Local laws and customs
If you’re arrested and convicted of a crime in Cambodia you can expect a long prison sentence. Pre-trial detention can also last many months.
The legal process in Cambodia is unpredictable, lacks transparency and is open to interference from powerful political and business interests. The investigation and trial process falls far below the standard expected in the UK. British nationals in Cambodia should be aware that there are limits to the assistance the British Embassy can offer to those with concerns about the fairness of their trial, as we are unable to interfere in the legal processes of a host country.
The conditions in Cambodian prisons are extremely poor and overcrowded. Medical facilities in prisons are also extremely poor. The UK has no prisoner transfer agreement with Cambodia so if you’re found guilty you can expect to serve your full prison term in Cambodia, have your visa revoked and be removed when released.
Sexual abuse against children is a serious crime. The UK and Cambodian authorities are committed to combating travelling child sex offenders. Those who commit sex offences against children abroad can also be prosecuted in the UK.
Don’t become involved with drugs of any kind. Penalties for possession, distribution or manufacture of drugs, including Class C, are severe. Drugs have also caused of a number of deaths of overseas visitors to Cambodia. These are suspected to be a result of purity issues, or adulteration by unknown substances.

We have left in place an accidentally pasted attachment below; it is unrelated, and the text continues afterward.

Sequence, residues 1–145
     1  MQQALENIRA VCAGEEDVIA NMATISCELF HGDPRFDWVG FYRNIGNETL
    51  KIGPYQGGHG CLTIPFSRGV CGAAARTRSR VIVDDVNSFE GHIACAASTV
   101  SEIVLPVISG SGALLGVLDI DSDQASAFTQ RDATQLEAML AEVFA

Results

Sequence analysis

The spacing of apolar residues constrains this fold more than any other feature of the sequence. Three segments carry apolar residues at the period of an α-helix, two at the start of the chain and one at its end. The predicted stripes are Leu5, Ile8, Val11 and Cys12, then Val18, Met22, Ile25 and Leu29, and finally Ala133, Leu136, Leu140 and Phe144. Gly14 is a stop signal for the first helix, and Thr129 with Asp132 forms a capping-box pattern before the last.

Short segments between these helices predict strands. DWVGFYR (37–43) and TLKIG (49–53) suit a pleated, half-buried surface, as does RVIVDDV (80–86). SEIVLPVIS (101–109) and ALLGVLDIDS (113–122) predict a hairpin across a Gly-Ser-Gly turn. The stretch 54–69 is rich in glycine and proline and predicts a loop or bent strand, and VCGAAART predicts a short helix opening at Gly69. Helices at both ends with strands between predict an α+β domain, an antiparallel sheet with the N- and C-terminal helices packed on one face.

Never take photographs in or near airports or military bases. Ask permission before taking pictures of people, especially monks and other religious figures.
The Cambodian authorities have issued an official code of conduct for visitors to Angkor Wat and other religious sites, including a dress code. You should not wear skirts or shorts above the knee or tops that reveal bare shoulders. If you don’t follow the dress code you may be refused admission to the sites.
There are no legal restrictions on same-sex sexual activity or the organisation of LGBT events in Cambodia, but public attitudes can be mixed. There is no legal protection against discrimination on the grounds of sexual orientation, but the British Embassy has no recorded cases of discrimination towards LGBT travellers. The LGBT community is becoming more visible, including through gay clubs, club nights and the work of some human rights organisations. Pride events are held annually in Phnom Penh. See our information and advice page for the LGBT community before you travel.
There are new procedures for foreign and Cambodian citizens who wish to marry in Cambodia. More detailed information can be found in this guidance.
Adopting Cambodian children
The Department for Education (DfE) has suspended all adoptions of Cambodian children by UK residents. A new Inter-Country Adoption Law came into effect in Cambodia on 1 January 2013. The Department for Education will continue to monitor the adoption processes in Cambodia and review the suspension accordingly.
Commercial surrogacy is banned in Cambodia and the commissioning of commercial surrogacy is subject to penalties including imprisonment and fines. The Foreign & Commonwealth and Home Office have produced guidance for anyone considering surrogacy overseas.